Alanda Johnson (left)

Alanda Johnson (left)

Program highlights poverty

North Okanagan students took to the streets Tuesday encouraging people to Chew On This!

North Okanagan students took to the streets Tuesday encouraging people to Chew On This!

the average family accessing the Vernon food bank lives off $125 a week after paying rent

one in eight Canadian households struggle to put food on the table

an average of 451 food hamper interviews were done during June, July and August in Vernon, resulting in $43,000 worth of food given out

Those staggering statistics were shared by the Students Without Borders Academy at Kalamalka Secondary, as they stationed themselves in downtown Vernon Tuesday.

“During the summer months of this year, our local food bank served an average of 635 adults and 306 children, monthly,” said Captain Rachele Lamont of the Vernon Salvation Army Food Bank.

The message comes ahead of International Day for the Eradication of Poverty on Oct. 17. Which is why volunteers across Canada gave up their lunchtimes to participate in the third annual ChewOnThis! campaign.

But as many of the Coldstream students found, their message, tucked in a brown bag even with an apple, was difficult to share.

“Most people think we’re looking for money,” said Grade 11 Kai Rogers.

Most people didn’t stop to hear exactly what the students were offering, but instead turned on their heels with the mention of poverty.

“One lady literally ran away from her,” said Rogers, who was stationed in front of Welk-Mart with Erin Swan.

But they still managed to distribute all 200 of their bags, and could have cashed in on some donations.

“Some people are kind enough to take out their wallets and we were like, ‘oh, no, it’s free,’” said Swan.

There was also comfort knowing that some people were keenly interested in the Chew On This! campaign.

“One lady said she already looked at our website,” said Rogers.

The campaign is presented by Dignity for All which is co-led by Canada Without Poverty (CWP) and Citizens for Public Justice (CPJ), both registered charities.

“In a country as wealthy as ours, it is simply wrong to allow 4.8 million Canadians to struggle to make ends meet,” said Joe Gunn, executive director of CPJ. “Canada urgently needs a vision, and a plan, to turn this situation around.”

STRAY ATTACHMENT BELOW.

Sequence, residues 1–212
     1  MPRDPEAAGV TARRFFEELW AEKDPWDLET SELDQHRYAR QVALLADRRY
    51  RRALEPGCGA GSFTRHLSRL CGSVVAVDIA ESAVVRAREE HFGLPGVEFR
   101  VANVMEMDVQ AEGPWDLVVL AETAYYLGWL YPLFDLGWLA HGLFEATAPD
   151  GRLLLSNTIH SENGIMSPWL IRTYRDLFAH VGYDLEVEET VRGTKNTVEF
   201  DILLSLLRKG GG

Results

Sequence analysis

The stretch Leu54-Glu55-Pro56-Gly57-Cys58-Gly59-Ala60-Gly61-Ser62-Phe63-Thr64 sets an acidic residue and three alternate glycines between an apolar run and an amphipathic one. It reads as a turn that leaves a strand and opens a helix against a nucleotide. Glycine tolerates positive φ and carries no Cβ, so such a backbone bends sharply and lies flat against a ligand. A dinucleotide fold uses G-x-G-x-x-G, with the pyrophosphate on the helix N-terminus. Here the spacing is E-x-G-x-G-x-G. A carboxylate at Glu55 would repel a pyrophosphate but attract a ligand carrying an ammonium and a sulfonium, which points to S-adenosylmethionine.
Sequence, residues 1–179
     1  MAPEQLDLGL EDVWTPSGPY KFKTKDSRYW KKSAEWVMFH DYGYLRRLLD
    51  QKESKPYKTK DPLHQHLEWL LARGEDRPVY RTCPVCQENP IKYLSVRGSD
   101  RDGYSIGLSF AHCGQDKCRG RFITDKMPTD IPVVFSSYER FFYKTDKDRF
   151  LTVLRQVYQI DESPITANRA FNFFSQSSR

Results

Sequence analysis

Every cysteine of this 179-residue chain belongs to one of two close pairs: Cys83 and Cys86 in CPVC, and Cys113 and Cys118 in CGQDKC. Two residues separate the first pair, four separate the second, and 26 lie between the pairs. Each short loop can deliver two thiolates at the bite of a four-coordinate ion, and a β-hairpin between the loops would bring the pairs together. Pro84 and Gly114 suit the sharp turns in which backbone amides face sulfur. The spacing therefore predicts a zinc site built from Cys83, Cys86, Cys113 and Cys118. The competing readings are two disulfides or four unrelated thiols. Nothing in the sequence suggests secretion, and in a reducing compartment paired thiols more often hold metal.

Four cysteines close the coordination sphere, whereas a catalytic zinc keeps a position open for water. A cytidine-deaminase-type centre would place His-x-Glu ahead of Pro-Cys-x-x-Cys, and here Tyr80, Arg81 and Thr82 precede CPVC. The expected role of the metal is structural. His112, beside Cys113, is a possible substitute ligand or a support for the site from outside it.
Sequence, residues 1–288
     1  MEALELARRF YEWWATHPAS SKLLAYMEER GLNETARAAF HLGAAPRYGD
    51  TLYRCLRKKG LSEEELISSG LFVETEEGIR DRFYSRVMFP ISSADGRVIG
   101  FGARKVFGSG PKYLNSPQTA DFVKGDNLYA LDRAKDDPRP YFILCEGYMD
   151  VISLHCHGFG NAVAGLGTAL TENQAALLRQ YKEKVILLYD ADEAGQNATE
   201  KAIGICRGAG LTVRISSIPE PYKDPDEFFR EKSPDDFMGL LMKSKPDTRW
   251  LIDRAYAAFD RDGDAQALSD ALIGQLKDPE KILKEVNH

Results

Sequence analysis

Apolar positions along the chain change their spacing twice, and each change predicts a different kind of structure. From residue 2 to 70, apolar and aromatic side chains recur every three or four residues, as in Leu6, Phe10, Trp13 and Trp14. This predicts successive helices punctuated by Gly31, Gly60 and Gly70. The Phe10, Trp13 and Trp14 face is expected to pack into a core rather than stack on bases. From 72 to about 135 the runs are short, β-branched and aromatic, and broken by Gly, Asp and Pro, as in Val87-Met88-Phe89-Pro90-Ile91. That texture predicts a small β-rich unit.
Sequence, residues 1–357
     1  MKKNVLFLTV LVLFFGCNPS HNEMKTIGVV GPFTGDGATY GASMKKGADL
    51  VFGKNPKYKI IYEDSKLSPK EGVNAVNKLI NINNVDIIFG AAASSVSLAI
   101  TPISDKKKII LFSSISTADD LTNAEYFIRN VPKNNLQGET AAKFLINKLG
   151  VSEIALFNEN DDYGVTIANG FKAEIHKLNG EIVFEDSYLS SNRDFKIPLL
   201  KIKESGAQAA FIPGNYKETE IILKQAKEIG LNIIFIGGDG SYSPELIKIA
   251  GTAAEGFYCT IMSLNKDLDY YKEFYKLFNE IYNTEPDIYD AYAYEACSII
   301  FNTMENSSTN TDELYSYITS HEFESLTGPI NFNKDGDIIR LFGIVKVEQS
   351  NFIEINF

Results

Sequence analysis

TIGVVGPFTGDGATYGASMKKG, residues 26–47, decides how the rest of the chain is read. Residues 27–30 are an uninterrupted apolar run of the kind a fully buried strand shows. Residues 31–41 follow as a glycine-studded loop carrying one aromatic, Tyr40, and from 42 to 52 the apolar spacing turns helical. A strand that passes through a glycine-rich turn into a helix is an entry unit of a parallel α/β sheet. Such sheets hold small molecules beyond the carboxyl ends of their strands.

ChewOnThis! events were held in more than 30 cities across the country – from Victoria to St. John’s to Whitehorse – including locally in downtown Vernon, at Parliament Hill and in Toronto’s downtown core.

Volunteers handed out 30,000 brown paper bags containing an apple and information prompting people to consider the realities of poverty and food insecurity and join the call for a national anti-poverty plan.

The Dignity for All campaign has heeded the calls for a national plan and created a model plan, born from five years of consultation with 600 organizations and individuals across the country. The model plan, Dignity for All – A National Anti-Poverty Plan for Canada, outlines six policy areas where the federal government can lead in to drastically reduce poverty. The policy areas are: income security, housing and homelessness, food security, health, early childhood education and care, and jobs and employment.

“There is a human right to adequate housing and to adequate food. The rights of almost five million people are being violated and yet the federal government hardly seems concerned. It’s time we had a plan,” said Leilani Farha, CWP’s executive director.

For more information visit www.chewonthis.ca and www.dignityforall.ca/fedplan

 

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